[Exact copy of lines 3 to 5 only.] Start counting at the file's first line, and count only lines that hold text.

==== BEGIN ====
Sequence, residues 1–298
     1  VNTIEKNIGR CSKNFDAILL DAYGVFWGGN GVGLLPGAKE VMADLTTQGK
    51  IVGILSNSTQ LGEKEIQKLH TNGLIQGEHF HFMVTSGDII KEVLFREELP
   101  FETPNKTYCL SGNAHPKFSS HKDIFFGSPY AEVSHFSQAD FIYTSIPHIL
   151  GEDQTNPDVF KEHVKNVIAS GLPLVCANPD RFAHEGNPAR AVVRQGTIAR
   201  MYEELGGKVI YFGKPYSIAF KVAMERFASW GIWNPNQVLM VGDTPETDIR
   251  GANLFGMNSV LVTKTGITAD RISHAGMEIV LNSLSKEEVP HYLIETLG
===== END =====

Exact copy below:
    51  IVGILSNSTQ LGEKEIQKLH TNGLIQGEHF HFMVTSGDII KEVLFREELP
   101  FETPNKTYCL SGNAHPKFSS HKDIFFGSPY AEVSHFSQAD FIYTSIPHIL
   151  GEDQTNPDVF KEHVKNVIAS GLPLVCANPD RFAHEGNPAR AVVRQGTIAR